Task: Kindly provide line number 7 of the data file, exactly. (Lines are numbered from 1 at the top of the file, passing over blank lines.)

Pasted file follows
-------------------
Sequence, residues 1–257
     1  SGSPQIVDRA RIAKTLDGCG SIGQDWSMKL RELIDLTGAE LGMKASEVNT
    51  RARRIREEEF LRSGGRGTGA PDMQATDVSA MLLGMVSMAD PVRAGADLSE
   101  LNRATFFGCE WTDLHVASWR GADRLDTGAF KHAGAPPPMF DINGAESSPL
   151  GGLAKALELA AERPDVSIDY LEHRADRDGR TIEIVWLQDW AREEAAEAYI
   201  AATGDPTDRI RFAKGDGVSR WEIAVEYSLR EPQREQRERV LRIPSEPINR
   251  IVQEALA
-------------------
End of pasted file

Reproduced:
   251  IVQEALA